Camera bodies are really the new film stock, so heres is a round up of a few camera rigs I have shoot with over the last few months (and a quick bit about why that package was chosen!).
Alexa, Zeiss Master Primes
Nothing really beats the Alexa and nothing beats Master Primes, so whenever I'm shooting a project with the budget, its a great option! This setup was used to shoot a broadcast PSA to raise awareness of speeding in work zones.
Because we were shooting near a highway, we had a lot of limitations on where we could place lights. It was also a super windy night, so flying a 20x was not an option. The result? The idea of bouncing a 4k into the grip truck and an 8x!
Wireless focus system = a must when shooting handheld with such a beefy rig.
A rare BTS shot of myself without a camera on my shoulder.
Alexa with the Canon 30-105
Same project as above, but different concept and spot. We interviewed real workers about the dangers of working on highways. We used a "bungee" rig to give the illusion of handheld. Why not just handheld? Because we were shooting 18 individuals over a 10 hour day, and constantly having the camera up and ready, kept the day moving fast, while also saving my back!!! The zoom was also picked to keep the day moving fast.
Red Dragon Epic, Black Magic Cinema Camera, EF Glass
For a new feature doc project, we utilized a Red Dragon as A-cam and a BMCC as B-cam. We shoot 6k with the Dragon (so we could cheat 2 fame sizes out of the master) and 4k in the BMCC. This way the edit could maintain 4k, but still have room to move around on A camera. While a 2nd Dragon would have been ideal for B-cam, we choose the BMCC as the best budget friendly 2nd camera.
Arri Amira, Fuji 19-90
I was hired to direct and DP a few short films for the New York City Ballet. The project incorporated a number of camera formats (some archival was shot on the c300 and EX1), but we choose to use the Amira and a Fujion 19-90 for all the interviews and additional B-roll. The wide end of the 19-90 was great for covering dance (alway want to get those extensions!) and the long end of the zoom was great for the interviews. The zoom also allowed us to move quickly, as we had to shoot around real rehearsals and busy schedules. The high frame rates on the Amira was a nice creative tool as well.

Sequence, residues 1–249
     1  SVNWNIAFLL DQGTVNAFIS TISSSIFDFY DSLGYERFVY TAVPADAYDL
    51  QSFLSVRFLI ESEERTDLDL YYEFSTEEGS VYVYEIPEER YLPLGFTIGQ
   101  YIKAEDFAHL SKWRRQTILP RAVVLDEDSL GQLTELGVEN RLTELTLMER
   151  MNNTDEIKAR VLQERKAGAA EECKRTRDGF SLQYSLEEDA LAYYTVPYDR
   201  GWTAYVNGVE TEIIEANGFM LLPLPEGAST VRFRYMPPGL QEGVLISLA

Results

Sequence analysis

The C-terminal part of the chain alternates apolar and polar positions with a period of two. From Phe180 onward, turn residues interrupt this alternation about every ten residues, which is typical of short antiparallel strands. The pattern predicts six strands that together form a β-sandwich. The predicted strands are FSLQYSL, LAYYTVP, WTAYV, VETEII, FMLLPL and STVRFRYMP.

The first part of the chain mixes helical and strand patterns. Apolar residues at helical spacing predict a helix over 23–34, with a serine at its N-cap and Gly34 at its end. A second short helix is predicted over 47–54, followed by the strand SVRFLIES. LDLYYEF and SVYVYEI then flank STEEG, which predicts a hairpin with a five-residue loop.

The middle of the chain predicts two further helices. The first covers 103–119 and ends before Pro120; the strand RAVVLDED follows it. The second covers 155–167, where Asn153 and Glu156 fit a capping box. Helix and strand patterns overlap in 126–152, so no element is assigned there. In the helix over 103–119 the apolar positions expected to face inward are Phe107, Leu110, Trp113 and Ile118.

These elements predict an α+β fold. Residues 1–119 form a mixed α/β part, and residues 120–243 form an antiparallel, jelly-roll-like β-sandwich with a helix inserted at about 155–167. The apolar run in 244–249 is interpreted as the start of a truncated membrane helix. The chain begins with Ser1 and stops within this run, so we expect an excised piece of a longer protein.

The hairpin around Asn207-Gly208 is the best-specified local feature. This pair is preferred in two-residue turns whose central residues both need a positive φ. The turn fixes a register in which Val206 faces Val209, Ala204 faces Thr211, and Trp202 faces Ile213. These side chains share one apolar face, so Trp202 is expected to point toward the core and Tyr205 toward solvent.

Sony F55, Canon EF glass
Damn, I wish I could say more about this project but they got me an NDA! Long story short, I got to go to Germany to film rally car racing! The F55 would already chosen before I was hired, but I will say the frame rate options and the global shutter proved to be fantastic for shooting fast action. The choice of Canon glass was somewhat budget, and somewhat logistical. Since we were shooting racing we couldn't also get close to the action. I knew we were going to have to move around a ton, and I decided a small zoom like the canon 70-200 would allow for so much more coverage (in terms of set up) over a cinema lens such as the Optimo 25-250.
Using Canon glass with the F55 is tricky. We had an iris controller (The box on the top right), but it was funky, bulky, and didn't always work. Knowing this possible problem in advance, I brought along my Tiffen variable ND, and kept it on the front no matter what lens I was shooting. This way I could just pick an F-stop I liked, and then use the internal NDs and variable ND to get the exact exposure I wanted. This may sound like a pain, but I found it just as fast as changing iris on a regular cinema lens.